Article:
After the death of pioneering astronomer Vera Rubin, I suspect many more people have become intrigued by the term Dark Matter. Something else that often accompanies this term is Dark Energy. Both probably sound like mysterious or perhaps evil forces of nature to an ordinary person – at least I thought so, but then I learned Dark simply implied that it doesn’t interact with light.
A friend’s sister, a frequent reader of Passion for STEM and also a physics lover herself suggested that I write something on dark matter. At first, I thought this may be a difficult task (and I still do) because of the amount of uncertainty regarding what it actually is within the scientific community.
Everything we know that exists: us, all living things, all nonliving things, all the stars, galaxies, asteroids and cosmic dust collectively gather under one title – Baryonic Matter, and it accounts for less than 5% of the known Universe. The rest of the Universe under current calculation predictions is dark matter and dark energy, making up roughly 25% and 70% of the stuff in the Universe. This is rather overwhelming as what we know and experience is only less than a tiny fraction of reality. Since dark matter cannot be observed because it doesn’t interact with light, or as we say the electromagnetic force, there is no direct way of detecting it so how do physicists know that so much of the Universe’s mass is dark matter and not just ordinary matter like dust?
Evidence of dark matter comes from Galactic Rotation Curve calculations. Rotation curves allow us to calculate the quantity and location of mass within rotating galaxies. Let’s begin with our solar system. The Sun makes up roughly 99.8% of the entire mass of the Solar system, thus the majority of the mass is heavily concentrated at the centre. The orbital velocities of the eight planets vary from each other due to the different distances they are from the Sun suggesting the force of gravity on Neptune would be much weaker than of Jupiter which is closer and feels a stronger gravitational pull. This explains the variation of orbital periods in which for Jupiter is twelve years and Neptune is a hundred and sixty-five years. A graph with orbital velocities of all planets against the distance they are from the centre of mass can be plotted where we perceive a falling curve often called Keplerian Decline.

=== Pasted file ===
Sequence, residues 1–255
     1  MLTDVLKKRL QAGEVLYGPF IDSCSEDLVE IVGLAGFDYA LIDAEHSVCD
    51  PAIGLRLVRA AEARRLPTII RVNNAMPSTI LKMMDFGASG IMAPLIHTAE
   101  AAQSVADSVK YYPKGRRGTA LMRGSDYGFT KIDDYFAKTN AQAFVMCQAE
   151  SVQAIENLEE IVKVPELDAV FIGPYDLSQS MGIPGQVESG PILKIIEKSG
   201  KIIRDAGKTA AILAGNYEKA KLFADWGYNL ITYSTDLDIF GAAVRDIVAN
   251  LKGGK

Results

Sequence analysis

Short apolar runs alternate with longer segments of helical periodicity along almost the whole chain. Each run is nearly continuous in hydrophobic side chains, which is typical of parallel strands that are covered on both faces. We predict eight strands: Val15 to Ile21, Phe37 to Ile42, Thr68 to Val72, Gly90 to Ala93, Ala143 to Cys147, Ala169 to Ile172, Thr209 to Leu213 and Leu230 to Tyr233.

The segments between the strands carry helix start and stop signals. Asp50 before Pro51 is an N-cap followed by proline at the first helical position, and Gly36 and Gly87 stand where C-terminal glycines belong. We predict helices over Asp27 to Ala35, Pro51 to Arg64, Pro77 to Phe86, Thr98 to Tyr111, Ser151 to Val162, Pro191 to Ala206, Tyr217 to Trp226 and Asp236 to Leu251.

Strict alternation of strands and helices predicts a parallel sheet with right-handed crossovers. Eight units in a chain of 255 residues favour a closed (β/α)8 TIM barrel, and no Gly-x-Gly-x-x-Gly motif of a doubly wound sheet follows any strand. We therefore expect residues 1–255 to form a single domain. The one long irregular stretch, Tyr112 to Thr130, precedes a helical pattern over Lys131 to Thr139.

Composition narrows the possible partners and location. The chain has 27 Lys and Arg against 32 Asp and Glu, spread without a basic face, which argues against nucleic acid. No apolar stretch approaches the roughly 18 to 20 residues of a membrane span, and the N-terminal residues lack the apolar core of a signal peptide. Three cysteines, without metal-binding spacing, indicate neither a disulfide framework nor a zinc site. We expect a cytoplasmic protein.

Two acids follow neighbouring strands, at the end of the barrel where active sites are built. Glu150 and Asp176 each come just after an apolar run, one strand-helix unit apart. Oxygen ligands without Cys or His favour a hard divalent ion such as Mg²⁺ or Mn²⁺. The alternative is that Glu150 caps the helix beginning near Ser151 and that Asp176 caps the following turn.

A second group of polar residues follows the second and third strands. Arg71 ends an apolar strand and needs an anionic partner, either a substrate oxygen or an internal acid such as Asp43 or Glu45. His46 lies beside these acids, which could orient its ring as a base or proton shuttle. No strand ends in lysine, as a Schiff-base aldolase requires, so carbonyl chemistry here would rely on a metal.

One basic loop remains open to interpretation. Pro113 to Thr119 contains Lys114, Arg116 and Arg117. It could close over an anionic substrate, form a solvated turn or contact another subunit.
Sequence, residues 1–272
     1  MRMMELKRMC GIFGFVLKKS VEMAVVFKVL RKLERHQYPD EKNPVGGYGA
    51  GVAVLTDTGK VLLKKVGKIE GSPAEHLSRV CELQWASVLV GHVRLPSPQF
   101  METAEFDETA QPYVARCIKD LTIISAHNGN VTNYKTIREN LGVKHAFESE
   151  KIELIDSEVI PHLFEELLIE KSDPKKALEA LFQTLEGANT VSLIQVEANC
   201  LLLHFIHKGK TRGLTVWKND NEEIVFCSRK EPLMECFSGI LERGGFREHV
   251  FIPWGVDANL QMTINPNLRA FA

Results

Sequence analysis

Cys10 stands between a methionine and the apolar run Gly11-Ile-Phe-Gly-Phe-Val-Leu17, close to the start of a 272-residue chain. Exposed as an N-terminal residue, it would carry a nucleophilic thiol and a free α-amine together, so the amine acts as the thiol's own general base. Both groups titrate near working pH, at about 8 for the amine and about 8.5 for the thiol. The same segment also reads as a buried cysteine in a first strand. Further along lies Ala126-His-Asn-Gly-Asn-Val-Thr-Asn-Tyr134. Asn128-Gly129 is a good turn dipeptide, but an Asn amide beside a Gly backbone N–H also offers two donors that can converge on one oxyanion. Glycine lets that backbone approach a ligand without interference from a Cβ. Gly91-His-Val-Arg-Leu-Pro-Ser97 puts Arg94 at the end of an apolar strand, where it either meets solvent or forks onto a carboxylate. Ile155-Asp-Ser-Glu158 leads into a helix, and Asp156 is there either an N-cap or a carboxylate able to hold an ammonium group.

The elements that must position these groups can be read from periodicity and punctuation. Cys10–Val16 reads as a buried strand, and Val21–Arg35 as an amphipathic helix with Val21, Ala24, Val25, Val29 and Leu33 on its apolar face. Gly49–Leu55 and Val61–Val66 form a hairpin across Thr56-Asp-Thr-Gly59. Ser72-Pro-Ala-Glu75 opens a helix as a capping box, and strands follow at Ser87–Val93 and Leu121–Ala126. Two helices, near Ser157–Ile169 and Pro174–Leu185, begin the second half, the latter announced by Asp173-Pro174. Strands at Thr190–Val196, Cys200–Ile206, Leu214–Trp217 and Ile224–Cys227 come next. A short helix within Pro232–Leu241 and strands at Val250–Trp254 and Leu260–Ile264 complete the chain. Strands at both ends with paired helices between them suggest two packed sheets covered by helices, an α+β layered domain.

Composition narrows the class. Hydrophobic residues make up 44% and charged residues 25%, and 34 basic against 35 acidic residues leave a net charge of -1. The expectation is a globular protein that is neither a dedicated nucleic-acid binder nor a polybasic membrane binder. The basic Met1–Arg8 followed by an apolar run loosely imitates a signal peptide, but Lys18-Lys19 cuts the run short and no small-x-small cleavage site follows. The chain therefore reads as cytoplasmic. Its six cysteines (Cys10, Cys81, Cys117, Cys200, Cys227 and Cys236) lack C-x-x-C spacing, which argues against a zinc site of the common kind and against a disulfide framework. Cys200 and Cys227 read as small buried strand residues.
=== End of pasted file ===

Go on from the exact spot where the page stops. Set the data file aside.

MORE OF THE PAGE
There is a steeply rising line within a small area of the graph in which the distance is close to zero. At zero distance the orbital speed is of course zero due to the strong force of gravity pulling the object in all directions. The Keplerian Decline behaviour is seen inside the distribution of mass with systems that follow Kepler’s laws like planets around a host star.
It would be reasonable to believe that some sort of Keplerian Decline curve would show up when we do a similar calculation with the Milky Way Galaxy, since the apparent distribution of mass for our galaxy resembles the mass distribution of the Solar System: the centre of the Milky Way is more compacted with mass than the outskirts which compared to the centre has little to no distribution of stars. However, something rather interesting is seen instead: not a falling but a flat rotation curve.
Like our previous graph, the behaviour is fairly similar at the centre, however instead of the gravitational pull getting weaker, the orbital velocities seem constantly high over a vast radii and the force of gravity remains strong even at the edge of the galaxy radius. The conclusion of the result is no matter how far out from the centre, everything is still inside the distribution of mass, therefore the mass continues to increase with the radius, this mass is Dark Matter and there’s a lot more of it than visible apparent matter. The exact result is seen with the majority of galaxies and exists in the form of a spherical halo rather than a disk like what we can see with the baryonic matter.
Well, dark matter doesn’t absorb, emit or reflect light thus interacts very weakly with ordinary matter making it close to impossible to detect and right now is only inferred by evidence such as galactic rotation curves and gravitational lensing. In the next post, I will discuss how Gravitational Lensing provides evidence for the existence of dark matter and the leading theories of what it may be.
P.S Apologies – the shortness of this post is due to the levels of school work I have at the moment, hopefully, this amount will decrease soon.
Author – Susan Chen
Susan is a 5th year high school student currently studying three STEM subjects at Scottish Higher level-Mathematics, Physics and Chemistry (Crash Course). She particularly loves ideas in cosmology and hopes to embark on an academic journey in the area of theoretical physics.